Ensuring an adequate air supply during a dive requires the use of a submersible pressure gage for monitoring air supply. Guestimating one’s air consumption and the time left at the diving depth are also imperative.

Running out of air is a sure way to ruin a great dive. The easiest way to avoid running out of air is to monitor your air supply, factor in your air consumption and predict how much time you will have underwater at a given depth and work level. Those three steps can be rough guestimates or more precise mathematical calculations.

Monitoring Air Supply

A submersible pressure gauge is the only way to constantly know the available air pressure in a tank. Modern gauges are reliable, easy to read and durable. Gauges in the United States display data in psi (pounds per square inch). This is more accurately called psig, for pounds per square inch gauge but is shortened to psi by most divers.

The only tricks to operating a submersible pressure gauge are making sure you can accurately read the gauge face (perhaps without your glasses) and remembering to look at it periodically. Some gauges have audio warnings that beep when pressure is reduced to a preset level but most are passive – i.e., you must look at them.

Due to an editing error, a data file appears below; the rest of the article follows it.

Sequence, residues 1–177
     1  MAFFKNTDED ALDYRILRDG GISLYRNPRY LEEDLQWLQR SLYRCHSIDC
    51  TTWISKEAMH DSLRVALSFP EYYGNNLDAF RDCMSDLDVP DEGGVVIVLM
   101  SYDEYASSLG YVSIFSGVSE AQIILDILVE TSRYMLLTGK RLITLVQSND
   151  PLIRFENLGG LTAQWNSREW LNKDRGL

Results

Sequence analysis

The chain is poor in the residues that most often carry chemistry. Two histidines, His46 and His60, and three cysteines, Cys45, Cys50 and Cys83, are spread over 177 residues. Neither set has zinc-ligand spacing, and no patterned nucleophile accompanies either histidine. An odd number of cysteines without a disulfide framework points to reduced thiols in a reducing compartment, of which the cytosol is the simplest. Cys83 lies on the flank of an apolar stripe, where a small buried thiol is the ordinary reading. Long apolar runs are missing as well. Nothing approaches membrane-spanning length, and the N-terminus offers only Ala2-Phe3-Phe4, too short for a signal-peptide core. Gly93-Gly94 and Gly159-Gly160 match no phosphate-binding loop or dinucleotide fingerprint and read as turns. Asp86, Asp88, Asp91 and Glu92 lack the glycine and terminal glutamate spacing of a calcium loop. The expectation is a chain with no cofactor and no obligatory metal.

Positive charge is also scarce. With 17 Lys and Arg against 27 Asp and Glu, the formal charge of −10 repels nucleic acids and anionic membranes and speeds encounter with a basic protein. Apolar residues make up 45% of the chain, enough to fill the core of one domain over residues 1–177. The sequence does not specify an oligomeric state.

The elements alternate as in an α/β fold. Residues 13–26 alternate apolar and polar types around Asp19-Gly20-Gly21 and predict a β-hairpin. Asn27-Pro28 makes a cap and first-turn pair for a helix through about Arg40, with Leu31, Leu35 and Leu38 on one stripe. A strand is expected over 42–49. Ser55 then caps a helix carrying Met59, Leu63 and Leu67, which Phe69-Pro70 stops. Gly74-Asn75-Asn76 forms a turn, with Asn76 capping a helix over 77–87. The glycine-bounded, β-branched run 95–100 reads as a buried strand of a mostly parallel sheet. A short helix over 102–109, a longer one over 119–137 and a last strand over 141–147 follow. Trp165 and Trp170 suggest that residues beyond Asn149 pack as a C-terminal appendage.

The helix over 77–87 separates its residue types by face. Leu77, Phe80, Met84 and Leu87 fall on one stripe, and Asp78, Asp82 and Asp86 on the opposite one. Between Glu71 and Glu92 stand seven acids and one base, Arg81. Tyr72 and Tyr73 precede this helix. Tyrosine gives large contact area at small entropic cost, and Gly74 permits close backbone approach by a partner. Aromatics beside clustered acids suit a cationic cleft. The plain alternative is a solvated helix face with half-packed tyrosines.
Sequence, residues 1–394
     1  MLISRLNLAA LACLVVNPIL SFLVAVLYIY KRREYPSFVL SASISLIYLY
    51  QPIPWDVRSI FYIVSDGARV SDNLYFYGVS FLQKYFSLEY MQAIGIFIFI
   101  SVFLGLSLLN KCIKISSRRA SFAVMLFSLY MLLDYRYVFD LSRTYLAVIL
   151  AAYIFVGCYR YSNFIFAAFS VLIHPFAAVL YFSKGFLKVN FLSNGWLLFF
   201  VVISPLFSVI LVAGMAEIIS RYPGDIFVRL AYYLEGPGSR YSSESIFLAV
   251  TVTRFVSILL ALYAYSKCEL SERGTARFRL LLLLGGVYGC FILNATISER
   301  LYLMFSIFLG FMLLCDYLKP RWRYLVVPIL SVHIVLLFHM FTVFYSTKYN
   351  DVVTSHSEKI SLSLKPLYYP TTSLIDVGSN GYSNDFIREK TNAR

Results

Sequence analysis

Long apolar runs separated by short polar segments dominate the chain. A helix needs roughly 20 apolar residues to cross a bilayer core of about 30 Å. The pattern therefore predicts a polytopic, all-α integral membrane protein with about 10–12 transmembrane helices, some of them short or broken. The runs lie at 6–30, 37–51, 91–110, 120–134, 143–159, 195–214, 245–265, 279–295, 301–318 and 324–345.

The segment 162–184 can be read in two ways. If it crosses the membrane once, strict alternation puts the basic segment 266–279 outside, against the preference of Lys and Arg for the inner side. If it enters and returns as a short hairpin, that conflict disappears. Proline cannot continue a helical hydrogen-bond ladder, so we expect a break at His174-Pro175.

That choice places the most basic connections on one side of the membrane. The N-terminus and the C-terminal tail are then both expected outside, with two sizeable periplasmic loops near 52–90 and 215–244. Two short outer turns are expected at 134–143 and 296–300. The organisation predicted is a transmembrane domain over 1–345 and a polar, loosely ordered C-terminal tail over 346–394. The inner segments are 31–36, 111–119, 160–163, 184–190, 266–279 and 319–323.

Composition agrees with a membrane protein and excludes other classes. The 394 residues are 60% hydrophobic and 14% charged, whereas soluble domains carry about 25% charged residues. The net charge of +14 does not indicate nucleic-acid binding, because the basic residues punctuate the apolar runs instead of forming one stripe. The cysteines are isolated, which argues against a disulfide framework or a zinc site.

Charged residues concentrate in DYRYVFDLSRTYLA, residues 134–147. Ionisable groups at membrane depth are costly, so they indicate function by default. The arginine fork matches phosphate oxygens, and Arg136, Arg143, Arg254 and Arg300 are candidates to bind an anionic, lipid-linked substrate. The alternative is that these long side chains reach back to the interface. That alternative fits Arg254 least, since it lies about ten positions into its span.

Air Consumption Calculations

Air consumption and subsequent time available at depth can be guestimated, figured mathematically or predicted from a wheel style calculator. Which one you use depends upon the situation. A casual sport dive to see the sights needs far less precision than a deep wreck dive.

Let’s review some very basic diving physics to help us understand what happens to the amount of air available to a diver at depth.

Total Amount of Available Air (Boyle’s Law)

Surface (1 atm)     100% available

33 feet (2 atm)      50% available

66 feet (3 atm)      33% available

99 feet (4 atm)      25% available

Another factor in predicting how long air will last at depth is the activity. A very relaxed diver lying on the sand watching reef critters may breathe about 0.5 cubic feet per minute (cfm). The same diver casually kicking along may use 1 cfm. But, when this diver is swimming against a current and working hard, it would not be unusual to consume 2 to 3 cfm.

Look at the effect these consumption rates have on the time you can plan to stay at depth. These are calculated using a 72 cubic foot tank filled to 2,475 psi and not allowing any reserve air at the end of a dive.

                Resting     Easy Swim     Hard Swim

                0.5 cfm          1 cfm             2 cfm

33 ft.   72 minutes   36 minutes   18 minutes

66 ft.   48 minutes   24 minutes   12 minutes

99 ft.   36 minutes   18 minutes   9  minutes

Note that all of these times are within the no decompression limits except the 36 minutes at 99 feet. The U.S. Navy Tables no decompression limit for 100 feet is 25 minutes.